Pre-order bonus schemes, paid downloadable content, and the ever-irritating rise of season passes have been thwarting gamers’ best interests for years now, and the practice is becoming ever more ingrained in the business of selling video games. Obviously, publishers exist to generate revenue through their investments, but the extent to which that has started to affect the consumer experience has become an especially palpable issue over the past five years. Under the instruction of greedy publishers, timed exclusives, invasive micro-transactions and repacked cut content is spoiling the hard work of the creative minds that produce video games and the experience for the consumers that invest their hard earned money into purchasing them.
The culprits of this foul play are many, and to pin responsibility on a single faction wouldn’t be entirely fair. After all, we’ve seen every major publisher in the industry walk away with sticky fingers at one time or another, such is the temptation to innovate new ways to squeeze every drop of profit from the consumers that are willing to spend. That being said, there are those that chose to respect their partner developers and the end user by limiting these practices, and those that apparently couldn’t care less about anything other than turning video gaming experience into numbers on a page.
Square Enix are no strangers to bad press over the past few years. According to critics and consumers alike, the recent Final Fantasy games haven’t exactly continued the shining legacy of the series’ earlier classics. More to the point, Final Fantasy XV’s repeated delays, Kingdom Hearts III’s near-disappearance after its announcement and the decision to remake the much beloved Final Fantasy VII as an episodic series, has resulted in a cloud of negativity that hangs over the publisher like a bad smell.
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Square Enix have a creative heritage as impressive as any of the best developers in the world that is continually dragged down by a poor track record of publishing blunders. Increasingly, the fallout from these corporate interests has tainted its reputation, but the tactics behind them seem to be growing ever more attached to their overall strategy.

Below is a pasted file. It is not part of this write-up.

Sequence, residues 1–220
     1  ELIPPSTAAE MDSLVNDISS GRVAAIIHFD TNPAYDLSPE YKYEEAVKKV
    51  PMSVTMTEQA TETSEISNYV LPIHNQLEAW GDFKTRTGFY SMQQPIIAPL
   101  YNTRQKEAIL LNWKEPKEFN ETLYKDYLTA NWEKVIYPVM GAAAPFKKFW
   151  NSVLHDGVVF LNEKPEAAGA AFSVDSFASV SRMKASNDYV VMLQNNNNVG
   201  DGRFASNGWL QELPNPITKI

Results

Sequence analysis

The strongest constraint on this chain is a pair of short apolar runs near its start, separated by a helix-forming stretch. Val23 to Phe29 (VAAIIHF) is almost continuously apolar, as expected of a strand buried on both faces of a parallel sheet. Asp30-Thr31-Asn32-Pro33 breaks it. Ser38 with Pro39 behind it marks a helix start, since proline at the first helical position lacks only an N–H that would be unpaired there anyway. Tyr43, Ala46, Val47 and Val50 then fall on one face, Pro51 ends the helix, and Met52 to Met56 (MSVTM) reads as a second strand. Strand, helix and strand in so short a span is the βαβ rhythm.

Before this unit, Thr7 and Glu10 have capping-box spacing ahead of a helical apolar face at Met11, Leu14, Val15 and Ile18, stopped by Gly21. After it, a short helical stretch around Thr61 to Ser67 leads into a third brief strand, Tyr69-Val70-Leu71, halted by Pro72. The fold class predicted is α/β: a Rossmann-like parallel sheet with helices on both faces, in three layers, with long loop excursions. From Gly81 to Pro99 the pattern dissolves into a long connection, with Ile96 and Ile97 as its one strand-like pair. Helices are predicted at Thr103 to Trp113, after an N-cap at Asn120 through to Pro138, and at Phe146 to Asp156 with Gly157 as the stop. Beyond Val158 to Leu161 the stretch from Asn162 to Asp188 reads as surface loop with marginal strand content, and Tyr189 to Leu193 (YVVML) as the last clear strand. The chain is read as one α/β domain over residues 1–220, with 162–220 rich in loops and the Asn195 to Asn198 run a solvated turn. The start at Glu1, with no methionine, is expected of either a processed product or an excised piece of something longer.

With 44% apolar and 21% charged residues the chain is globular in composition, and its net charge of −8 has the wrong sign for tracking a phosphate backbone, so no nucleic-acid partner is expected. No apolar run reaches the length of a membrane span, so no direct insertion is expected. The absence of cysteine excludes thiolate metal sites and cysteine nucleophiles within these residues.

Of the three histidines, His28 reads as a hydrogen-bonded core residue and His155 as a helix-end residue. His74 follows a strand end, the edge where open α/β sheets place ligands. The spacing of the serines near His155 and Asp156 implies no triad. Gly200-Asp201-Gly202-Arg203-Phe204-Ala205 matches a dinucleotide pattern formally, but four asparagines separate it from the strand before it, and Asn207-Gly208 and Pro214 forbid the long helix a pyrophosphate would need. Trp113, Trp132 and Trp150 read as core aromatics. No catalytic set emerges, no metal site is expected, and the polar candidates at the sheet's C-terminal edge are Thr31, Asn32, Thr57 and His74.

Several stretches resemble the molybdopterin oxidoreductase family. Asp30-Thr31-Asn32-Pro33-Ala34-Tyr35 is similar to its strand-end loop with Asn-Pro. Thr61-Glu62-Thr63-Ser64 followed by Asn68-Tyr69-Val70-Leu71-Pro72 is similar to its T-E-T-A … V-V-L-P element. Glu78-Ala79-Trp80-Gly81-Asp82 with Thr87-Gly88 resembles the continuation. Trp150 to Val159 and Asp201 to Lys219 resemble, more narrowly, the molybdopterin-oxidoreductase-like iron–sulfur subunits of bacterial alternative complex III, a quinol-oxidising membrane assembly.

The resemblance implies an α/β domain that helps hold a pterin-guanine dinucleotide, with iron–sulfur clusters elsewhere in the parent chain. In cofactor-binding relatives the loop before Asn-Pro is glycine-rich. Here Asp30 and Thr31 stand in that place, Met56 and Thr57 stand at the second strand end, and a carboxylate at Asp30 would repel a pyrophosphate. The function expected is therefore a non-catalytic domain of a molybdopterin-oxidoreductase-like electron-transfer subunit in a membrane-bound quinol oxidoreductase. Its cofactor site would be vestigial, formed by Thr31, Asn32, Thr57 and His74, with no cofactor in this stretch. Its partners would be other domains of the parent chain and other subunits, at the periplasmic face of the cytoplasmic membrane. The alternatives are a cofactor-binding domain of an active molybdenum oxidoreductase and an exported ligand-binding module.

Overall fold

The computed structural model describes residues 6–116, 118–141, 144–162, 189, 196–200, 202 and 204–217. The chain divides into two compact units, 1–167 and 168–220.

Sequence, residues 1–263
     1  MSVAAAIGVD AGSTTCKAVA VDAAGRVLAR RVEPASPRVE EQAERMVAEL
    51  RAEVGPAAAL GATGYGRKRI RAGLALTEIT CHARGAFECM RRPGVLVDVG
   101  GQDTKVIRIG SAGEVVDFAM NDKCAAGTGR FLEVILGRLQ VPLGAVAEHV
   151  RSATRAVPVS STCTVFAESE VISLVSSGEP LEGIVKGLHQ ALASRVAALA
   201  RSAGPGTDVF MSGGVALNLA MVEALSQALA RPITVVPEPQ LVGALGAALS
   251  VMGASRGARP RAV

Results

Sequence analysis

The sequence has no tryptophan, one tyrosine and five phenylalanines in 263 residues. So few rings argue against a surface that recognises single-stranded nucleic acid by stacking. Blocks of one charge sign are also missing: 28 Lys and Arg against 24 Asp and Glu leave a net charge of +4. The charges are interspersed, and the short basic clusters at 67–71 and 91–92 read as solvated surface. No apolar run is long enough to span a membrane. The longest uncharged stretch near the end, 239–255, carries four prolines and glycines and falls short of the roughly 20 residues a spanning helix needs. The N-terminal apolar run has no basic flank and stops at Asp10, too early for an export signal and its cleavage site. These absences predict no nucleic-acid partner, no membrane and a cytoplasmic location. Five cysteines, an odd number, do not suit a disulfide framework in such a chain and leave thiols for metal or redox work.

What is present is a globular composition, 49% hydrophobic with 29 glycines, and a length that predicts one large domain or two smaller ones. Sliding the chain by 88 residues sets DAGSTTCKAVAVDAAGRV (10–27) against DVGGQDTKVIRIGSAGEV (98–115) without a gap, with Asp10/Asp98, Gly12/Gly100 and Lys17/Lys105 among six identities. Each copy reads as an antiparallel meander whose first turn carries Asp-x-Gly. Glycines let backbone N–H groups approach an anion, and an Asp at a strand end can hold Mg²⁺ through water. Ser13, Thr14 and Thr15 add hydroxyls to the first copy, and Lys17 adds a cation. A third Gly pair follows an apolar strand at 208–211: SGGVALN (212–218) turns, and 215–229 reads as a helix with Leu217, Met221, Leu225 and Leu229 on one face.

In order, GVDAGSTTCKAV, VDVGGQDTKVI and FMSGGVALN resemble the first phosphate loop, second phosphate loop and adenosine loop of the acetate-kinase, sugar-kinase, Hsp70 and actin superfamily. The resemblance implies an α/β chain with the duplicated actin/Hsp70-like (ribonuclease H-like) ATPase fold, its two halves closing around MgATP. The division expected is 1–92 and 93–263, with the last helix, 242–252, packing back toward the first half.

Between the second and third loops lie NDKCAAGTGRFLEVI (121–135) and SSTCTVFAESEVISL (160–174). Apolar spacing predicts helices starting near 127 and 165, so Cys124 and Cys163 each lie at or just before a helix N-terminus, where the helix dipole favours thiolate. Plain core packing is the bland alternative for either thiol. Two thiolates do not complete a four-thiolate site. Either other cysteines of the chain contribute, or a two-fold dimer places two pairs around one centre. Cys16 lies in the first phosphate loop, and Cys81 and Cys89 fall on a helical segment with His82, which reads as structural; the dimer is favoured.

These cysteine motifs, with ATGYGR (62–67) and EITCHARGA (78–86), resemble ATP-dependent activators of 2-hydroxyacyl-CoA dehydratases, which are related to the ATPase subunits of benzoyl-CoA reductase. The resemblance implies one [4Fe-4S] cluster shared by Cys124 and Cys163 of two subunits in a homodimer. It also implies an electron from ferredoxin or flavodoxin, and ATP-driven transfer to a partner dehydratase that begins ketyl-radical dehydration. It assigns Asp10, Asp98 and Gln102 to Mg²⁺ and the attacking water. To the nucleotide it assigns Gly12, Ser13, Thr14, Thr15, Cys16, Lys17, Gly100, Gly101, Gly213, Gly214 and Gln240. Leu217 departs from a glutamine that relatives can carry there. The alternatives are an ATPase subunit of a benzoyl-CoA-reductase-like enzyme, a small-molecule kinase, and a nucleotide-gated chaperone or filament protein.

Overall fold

Eidos Montreal, a studio owned by Square Enix, have a well earned reputation for creating level design and compose stellar narrative. Praised for the sublime Deus Ex title Human Revolution, the sequel, Mankind Divided, was one of this year’s eagerly anticipated follow-ups. Reviews for the game have been somewhat divisive, particularly with regards to game’s comparably short game time and abrupt ending; a somewhat surprising focal point for criticism based on the studio’s previous work. But based on what we know of Mankind Divided’s DLC plans and the awful botch up with the game’s pre-order scheme in the build up to launch suggests publisher foul play is to blame rather than the talented team at Eidos Montreal.
It’s been just one month since the release of Mankind Divided, but this Friday the game’s first DLC, System Rift, is due to launch. That’s right, just four weeks after the launch of Mankind Divided, a title five years in the making, a paid story expansion is scheduled to arrive for $11.99.
Since, based on the timing, this was almost certainly developed simultaneously with the main game, what are the chances this is the cut content that made the base game’s narrative feel so barren? We already know that the abysmal pre-order campaign featured a tiered price structure that rewarded greater spending with additional content. It is, therefore, hardly a stretch to assume the DLC plan has been issued to recoup losses from that unpopular campaign.